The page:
‘Father of counterbalanced fluid drag head’ dead at 92

Chadwell O’Connor, regarded by many as the father of the counterbalanced fluid drag camera head, died Sept. 5, 2007, at 92.

Throughout his life, O’Connor pursued two passions: steam engines and camera support. Chadwell and his wife Helen shot their own steam locomotive movies in the late 1940s.

Annoyed by the jerkiness of his pan and tilt shots, he developed the world’s first counterbalanced fluid drag camera head, which enabled his pictures to be smooth and clean.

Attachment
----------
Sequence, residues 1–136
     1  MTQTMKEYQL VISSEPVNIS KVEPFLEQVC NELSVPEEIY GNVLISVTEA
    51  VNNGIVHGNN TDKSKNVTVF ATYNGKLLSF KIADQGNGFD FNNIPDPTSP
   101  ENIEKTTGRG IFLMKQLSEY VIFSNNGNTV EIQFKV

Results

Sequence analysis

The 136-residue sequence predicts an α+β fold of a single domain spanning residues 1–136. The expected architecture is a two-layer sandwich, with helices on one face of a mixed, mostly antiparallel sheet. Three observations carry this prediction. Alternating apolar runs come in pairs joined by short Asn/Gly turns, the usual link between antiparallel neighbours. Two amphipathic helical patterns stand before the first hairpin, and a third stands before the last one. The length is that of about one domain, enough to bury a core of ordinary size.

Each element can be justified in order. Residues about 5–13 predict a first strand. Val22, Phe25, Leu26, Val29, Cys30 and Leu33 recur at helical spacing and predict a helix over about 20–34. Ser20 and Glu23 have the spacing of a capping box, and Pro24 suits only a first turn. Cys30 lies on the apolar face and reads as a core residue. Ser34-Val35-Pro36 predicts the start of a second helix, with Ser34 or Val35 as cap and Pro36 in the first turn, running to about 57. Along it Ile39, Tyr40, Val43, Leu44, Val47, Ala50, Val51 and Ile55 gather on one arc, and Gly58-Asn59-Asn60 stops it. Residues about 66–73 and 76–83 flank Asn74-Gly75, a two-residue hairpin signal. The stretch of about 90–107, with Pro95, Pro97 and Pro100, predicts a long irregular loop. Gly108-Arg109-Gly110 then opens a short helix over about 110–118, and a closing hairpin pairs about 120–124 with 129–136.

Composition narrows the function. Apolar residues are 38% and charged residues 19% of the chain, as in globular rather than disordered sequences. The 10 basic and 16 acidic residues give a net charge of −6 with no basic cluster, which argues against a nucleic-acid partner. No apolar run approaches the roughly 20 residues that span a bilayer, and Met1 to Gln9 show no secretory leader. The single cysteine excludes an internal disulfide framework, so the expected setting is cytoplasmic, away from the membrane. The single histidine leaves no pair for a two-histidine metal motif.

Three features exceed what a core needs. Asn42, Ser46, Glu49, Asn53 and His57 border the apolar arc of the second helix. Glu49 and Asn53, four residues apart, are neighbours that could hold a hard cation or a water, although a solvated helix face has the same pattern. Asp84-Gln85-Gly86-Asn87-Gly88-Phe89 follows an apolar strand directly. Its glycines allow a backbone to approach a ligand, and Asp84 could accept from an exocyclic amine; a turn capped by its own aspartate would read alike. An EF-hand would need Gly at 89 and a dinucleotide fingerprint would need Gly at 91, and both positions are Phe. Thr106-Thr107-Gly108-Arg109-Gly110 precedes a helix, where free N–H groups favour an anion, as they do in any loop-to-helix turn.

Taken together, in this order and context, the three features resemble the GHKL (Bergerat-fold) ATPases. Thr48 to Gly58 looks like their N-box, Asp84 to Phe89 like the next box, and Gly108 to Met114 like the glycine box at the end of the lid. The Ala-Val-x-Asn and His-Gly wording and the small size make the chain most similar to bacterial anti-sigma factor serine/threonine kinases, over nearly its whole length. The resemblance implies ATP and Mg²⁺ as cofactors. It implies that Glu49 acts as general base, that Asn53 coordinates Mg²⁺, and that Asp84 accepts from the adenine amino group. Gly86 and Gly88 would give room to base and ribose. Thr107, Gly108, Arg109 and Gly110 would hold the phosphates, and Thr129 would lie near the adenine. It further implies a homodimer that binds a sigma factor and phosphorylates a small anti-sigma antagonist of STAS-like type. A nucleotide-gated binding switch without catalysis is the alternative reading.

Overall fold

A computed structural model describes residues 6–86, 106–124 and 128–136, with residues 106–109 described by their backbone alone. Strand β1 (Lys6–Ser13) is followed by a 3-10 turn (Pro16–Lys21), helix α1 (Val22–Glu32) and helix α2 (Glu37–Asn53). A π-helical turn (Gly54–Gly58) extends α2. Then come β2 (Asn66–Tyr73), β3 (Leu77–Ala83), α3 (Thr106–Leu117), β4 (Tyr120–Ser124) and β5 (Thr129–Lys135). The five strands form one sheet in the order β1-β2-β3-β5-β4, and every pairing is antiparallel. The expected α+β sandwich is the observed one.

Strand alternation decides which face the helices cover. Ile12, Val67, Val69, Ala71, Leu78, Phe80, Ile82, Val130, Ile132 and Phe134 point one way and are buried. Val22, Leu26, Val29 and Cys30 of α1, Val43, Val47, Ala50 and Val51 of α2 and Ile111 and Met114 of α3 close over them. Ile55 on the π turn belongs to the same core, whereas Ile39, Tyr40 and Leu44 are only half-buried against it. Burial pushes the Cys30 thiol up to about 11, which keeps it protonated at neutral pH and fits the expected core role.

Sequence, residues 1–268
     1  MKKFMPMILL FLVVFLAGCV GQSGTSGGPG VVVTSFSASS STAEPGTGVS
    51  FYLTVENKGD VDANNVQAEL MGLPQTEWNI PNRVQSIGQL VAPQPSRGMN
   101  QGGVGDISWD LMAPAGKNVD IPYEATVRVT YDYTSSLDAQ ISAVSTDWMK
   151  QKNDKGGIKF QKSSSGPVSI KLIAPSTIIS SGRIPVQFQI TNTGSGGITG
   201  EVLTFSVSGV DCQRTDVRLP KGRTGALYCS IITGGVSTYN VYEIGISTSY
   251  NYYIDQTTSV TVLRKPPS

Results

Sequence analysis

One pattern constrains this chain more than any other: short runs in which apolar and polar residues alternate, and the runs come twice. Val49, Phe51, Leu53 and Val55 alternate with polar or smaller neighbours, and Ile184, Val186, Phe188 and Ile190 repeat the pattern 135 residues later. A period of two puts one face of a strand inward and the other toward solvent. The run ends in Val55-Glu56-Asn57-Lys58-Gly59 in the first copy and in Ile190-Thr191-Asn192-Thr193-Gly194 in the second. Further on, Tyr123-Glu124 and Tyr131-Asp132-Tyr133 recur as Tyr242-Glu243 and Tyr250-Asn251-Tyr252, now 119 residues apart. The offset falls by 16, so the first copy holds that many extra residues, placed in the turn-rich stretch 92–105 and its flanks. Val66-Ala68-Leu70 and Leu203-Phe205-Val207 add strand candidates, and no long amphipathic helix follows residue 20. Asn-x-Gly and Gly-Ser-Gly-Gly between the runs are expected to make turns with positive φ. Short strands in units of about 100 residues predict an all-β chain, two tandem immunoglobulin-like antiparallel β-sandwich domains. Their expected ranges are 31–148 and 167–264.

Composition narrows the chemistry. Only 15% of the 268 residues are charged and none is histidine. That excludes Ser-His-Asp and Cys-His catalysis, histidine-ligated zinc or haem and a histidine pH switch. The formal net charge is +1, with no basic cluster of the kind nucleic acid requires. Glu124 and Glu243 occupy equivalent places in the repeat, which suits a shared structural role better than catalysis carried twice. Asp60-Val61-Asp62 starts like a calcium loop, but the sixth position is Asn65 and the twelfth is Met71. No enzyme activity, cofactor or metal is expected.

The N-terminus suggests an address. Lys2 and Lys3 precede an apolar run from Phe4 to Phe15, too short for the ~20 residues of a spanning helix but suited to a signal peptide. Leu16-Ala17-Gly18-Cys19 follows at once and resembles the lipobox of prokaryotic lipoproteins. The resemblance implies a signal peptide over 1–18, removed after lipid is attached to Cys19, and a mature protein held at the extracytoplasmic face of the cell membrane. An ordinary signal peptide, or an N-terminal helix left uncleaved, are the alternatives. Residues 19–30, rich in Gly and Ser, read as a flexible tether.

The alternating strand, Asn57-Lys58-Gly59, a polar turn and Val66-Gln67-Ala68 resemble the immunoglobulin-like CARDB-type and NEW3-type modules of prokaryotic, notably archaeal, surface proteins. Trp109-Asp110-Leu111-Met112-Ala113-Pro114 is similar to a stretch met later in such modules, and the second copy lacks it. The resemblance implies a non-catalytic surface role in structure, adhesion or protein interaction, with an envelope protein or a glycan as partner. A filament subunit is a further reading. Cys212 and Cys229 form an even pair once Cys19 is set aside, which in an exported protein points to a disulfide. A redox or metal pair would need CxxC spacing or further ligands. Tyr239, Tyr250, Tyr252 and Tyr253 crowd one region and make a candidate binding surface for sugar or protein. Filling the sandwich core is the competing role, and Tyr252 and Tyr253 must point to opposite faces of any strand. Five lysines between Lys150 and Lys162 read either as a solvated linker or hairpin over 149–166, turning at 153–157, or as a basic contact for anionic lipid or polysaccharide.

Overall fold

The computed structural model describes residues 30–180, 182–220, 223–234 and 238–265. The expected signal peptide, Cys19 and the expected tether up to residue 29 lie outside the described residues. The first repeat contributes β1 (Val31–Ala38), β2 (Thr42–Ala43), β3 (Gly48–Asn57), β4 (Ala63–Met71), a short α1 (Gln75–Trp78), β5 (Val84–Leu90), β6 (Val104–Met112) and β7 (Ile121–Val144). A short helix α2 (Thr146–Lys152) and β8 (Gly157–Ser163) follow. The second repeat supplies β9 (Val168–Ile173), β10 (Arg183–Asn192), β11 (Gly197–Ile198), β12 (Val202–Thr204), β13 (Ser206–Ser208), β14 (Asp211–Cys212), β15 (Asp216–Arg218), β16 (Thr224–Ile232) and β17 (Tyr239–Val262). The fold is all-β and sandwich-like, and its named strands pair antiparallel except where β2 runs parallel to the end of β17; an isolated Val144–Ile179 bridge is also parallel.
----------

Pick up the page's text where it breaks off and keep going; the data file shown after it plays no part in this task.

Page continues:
In 1950, while O’Connor was shooting trains in Glendale, CA, another locomotive enthusiast inquired about what was between the camera and tripod. That enthusiast was Walt Disney. He liked the counterbalance fluid head so much that he ordered 10 and stopped all motion shots of his current film “Living Desert” until they received the new equipment.

O’Connor opened a side business building fluid heads, first out of his garage, then as the business grew, he opened an office on Green Street in Pasadena, CA, which his second wife Regina ran during the day. Both of them pitched in at night.

So influential were O’Connor’s contributions that the Academy of Motion Picture Arts and Sciences honored him with a 1976 Sci-Tech Award and an Oscar in 1993. In 1994, the Society of Operating Cameramen presented him with a Technical Achievement Award.